Unlike a regular old flogging or ball gagging session, if you’re going to stick a bunch of needles in your dick, you better know what you’re doing. Wintersong (real name), a “kinkster shaman” who teaches needle play classes all over the country, warned that standard precautions like rubbing surface disinfectant on the skin are “hostile to the flora and fauna of the genitals. Getting them in the folds of the vulva or under the foreskin could be a pretty fabulous recipe for a yeast infection.” (Again: boner kill.)
Wintersong gave me an extremely thorough anatomical breakdown of how to do this shit right: piercing the foreskin, shaft skin, glans, and scrotum are all kosher. But stay away from the dorsal nerve. If you damage that, you could lose feeling in your dick, which is generally considered a bad thing. Steer clear from the frenum too. “Not only is (it) the most sensitive part of the male anatomy,” he explained, “There is also a significant vein that runs along the surface of the frenum that if punctured, bleeds like a motherfucker.”
Female bits are a little less complicated. The clitoral hood and inner and outer labia are all game, and while you shouldn’t pierce the clit itself, you can prick the surface of it with the tip of a needle for a sweet tingly sensation. Basically, if you follow the same precautions used by tattoists and body piercers, like wearing gloves and using sterile packaged needles, everything will be OK. Hopefully. Maybe.
So what are the benefits of sticking a bunch of needles in your junk? The answer depends on what you’re looking for. Sadists like inserting needles in “mean” ways—twisting and poking them as a form of CBT (cock and ball torture). There’s also “predicament bondage,” set up so that bottoms will experience pain no matter which way they squirm.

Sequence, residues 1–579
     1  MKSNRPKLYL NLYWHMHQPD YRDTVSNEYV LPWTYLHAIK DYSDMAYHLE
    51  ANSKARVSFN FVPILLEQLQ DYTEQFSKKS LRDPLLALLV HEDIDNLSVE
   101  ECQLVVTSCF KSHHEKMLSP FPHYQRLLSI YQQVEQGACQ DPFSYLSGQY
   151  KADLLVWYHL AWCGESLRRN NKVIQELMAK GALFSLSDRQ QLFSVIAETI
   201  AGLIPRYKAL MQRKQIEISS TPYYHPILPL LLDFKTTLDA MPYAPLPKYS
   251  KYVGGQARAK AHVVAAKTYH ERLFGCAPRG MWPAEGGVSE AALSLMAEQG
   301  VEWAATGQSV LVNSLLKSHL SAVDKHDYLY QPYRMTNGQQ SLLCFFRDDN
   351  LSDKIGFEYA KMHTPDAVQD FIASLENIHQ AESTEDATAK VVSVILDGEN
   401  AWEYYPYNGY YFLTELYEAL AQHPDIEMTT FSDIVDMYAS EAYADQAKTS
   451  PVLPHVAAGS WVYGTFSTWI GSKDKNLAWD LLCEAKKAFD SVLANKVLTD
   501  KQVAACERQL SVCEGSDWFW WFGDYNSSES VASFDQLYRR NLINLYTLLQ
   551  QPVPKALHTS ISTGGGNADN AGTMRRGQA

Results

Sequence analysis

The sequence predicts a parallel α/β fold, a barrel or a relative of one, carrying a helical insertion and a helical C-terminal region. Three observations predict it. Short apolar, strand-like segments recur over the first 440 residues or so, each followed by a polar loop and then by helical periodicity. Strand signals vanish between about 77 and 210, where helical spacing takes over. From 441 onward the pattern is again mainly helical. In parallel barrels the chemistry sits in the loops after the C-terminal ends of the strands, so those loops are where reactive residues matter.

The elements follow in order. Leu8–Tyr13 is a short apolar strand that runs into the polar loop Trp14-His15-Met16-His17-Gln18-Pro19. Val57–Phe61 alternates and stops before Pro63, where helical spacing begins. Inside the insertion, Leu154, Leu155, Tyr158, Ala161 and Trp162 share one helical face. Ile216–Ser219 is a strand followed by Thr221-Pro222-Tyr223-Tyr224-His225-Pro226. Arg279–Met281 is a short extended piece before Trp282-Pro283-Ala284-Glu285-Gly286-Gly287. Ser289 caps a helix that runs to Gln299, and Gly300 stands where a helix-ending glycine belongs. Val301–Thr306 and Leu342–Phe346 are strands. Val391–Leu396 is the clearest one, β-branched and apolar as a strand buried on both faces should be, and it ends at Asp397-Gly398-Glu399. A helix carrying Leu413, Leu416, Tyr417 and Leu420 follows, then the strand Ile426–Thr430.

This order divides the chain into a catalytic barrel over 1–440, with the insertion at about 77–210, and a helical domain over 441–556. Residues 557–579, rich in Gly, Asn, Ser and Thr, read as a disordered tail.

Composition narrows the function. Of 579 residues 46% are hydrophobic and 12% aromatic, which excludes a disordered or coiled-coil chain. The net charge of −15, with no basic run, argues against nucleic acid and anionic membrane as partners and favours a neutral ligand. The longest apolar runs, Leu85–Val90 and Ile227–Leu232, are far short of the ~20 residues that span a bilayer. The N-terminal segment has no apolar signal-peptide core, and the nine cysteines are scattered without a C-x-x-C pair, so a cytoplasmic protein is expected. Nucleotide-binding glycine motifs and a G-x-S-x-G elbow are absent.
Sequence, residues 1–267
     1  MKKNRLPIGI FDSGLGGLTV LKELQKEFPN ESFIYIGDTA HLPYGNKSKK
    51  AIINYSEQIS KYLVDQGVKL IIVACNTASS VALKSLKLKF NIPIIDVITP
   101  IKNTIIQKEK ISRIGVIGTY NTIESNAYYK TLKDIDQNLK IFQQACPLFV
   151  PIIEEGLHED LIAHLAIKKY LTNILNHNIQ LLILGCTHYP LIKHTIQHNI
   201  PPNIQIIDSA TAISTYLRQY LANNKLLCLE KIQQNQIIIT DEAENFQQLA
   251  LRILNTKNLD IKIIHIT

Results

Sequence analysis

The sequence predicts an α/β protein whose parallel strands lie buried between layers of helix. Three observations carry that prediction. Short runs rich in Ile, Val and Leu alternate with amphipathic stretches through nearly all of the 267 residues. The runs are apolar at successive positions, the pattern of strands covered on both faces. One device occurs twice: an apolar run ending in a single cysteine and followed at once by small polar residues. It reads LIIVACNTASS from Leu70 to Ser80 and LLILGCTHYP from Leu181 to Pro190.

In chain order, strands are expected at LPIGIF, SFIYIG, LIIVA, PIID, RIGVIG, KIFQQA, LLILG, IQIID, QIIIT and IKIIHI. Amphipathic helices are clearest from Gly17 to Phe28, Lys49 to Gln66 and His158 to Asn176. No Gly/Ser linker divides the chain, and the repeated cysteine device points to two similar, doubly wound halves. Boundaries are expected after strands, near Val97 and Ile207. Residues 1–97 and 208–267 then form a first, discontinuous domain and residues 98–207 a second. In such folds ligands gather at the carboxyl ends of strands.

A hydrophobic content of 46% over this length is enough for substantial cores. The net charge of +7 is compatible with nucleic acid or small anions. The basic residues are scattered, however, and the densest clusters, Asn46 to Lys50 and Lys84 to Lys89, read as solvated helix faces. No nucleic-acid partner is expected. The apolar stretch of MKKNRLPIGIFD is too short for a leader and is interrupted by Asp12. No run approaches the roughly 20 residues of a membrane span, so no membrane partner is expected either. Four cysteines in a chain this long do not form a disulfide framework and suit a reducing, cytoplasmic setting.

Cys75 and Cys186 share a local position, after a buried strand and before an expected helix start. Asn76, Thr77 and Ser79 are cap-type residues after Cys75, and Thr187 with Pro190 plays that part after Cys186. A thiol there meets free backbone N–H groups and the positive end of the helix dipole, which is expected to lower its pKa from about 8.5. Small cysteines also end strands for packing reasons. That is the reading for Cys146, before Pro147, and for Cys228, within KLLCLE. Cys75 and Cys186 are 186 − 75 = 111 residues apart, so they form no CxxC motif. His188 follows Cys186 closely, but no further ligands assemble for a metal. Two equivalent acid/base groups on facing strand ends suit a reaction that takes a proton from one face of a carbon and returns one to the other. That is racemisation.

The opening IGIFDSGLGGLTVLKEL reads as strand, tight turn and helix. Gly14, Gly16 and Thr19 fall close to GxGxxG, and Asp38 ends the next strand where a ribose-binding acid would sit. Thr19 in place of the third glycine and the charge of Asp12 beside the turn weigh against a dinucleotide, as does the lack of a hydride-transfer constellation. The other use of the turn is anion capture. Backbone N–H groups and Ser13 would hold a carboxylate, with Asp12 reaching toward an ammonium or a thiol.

On Literotica’s forums, enthusiasts rave about the endorphin spikes that flood your body during needle play. “Nothing else gets a person so high so fast. People pass out easily... becoming chemically overwhelmed quickly. Weird bodily tricks, that’s what I dig about piercing,” one user wrote. The physiological effects seem akin to doing a bunch of drugs, but with the added bonus of mindfuckery that you don’t get from snorting lines with a stranger in the bathroom.
Lastly, the aesthetes out there like how pretty needle play can be. People insert needles to form intricate patterns and shapes, and many super-feminine dominatrices also like adding beads, bells, charms, and even feathers. One of the most common decorative practices is to lace the needles with ribbons, and pulling them together to elicit a delightfully bizarre sensation. It’s as if these ladies were dabbling in some demented flower arrangement workshop.
While blood-splattered dicks and needle corsets can sound pretty gnarly, those who are balls deep in the BDSM community brush off needle play as a pretty standard practice. Sir B, whose areas of expertise include “fire, electricity, and inserting sharp knives into vaginas and rectums,” quashed any of my suspicions that needle play is “edgy.” “On a scale of one to ten, I would say it’s about a three,” he scoffed.